Candidates are in demand and one of the primary reasons people are leaving their job can best be summed up by Taylor Swift’s song “Bad Love”:
“Cause baby now we got bad blood. You know it used to be mad love. So take a look at what you’ve done. Cause baby now we got bad blood. Now we got problems. And I don’t think we can solve them. You made a really deep cut. And baby now we got bad blood.”
For those of you from the older generations, Depeche Mode singing the following is a classic take on the same theme:
“People are people so why should it be. You and I should get along so awfully.”
Plenty of people fall out of love with their Manager at some point in time, and it is the most common reason that people seek a new job.
So where does the fault lie and how (if possible) can it be avoided?
- Lack of emotional intelligence, empathy and genuine care
Emotional intelligence is defined as “the capability of individuals to recognise their own emotions and those of others, discern between different feelings and label them appropriately, use emotional information to guide thinking and behaviour, and manage and/or adjust emotions to adapt to environments or achieve one’s goal(s).” In other words, don’t get upset and react poorly by yelling back when someone is yelling at you, first try and understand why they are yelling in the first place. A common theme in bad managers is that they react to the situation, and not look at what is behind it.
- Moving targets and volatility
Most people like structure and a clear vision of what they need to do to be successful. To have someone that expects a lot without explaining why, and then changes the plan all the time along the way is inherently frustrating. Additionally, whilst people like being around passionate people, they don’t like aggression. When the leader of a business or group of people starts to yell, rant and be abusive, expect that group of people to start considering their options.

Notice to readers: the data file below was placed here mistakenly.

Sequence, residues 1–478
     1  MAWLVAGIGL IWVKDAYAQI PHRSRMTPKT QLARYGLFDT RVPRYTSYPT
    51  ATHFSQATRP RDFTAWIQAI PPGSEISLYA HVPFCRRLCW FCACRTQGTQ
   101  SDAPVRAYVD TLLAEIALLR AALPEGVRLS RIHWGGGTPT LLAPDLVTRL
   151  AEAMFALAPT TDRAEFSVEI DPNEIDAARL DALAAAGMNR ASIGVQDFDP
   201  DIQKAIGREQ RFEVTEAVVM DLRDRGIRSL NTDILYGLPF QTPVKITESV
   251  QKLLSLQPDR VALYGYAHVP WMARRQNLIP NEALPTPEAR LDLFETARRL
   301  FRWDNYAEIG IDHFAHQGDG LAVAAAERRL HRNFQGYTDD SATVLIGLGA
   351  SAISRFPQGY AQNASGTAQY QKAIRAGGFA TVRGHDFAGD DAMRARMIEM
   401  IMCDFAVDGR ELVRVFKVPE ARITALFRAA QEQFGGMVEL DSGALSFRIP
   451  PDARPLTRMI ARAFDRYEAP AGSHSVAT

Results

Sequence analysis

- No plan for further staff development and growth
Employees want to know what they are working towards, rather than being expected to be in the same position in 10 years’ time. Taking time to understand aspirations and helping people work towards realistic goals keeps them motivated and happy. Clear communication about what is on offer is also key.
- The business culture
A phrase John McGrath used 10 years ago was “The culture of a business is caught not taught.” He grew a great business as a result, but may have forgotten to pass the message on when he spent more time on The Block than selling homes. Businesses have a retail brand and an employment brand and they need to be aligned. You may be great at servicing customers, but not so great at servicing the needs of your staff. Not meeting your staff’s expectations of being who you say you are, will lead them to be disillusioned and demotivated.
Our view of the world is that everyone has the ability to make the workplace a better place to be. For Managers and Business Leaders this is particularly important. Employees look to business leaders to guide, coach, mentor and develop. It is important that true and genuine care is shown to your businesses most important asset.
Your employees will ultimately define your business success; ignore them at your peril!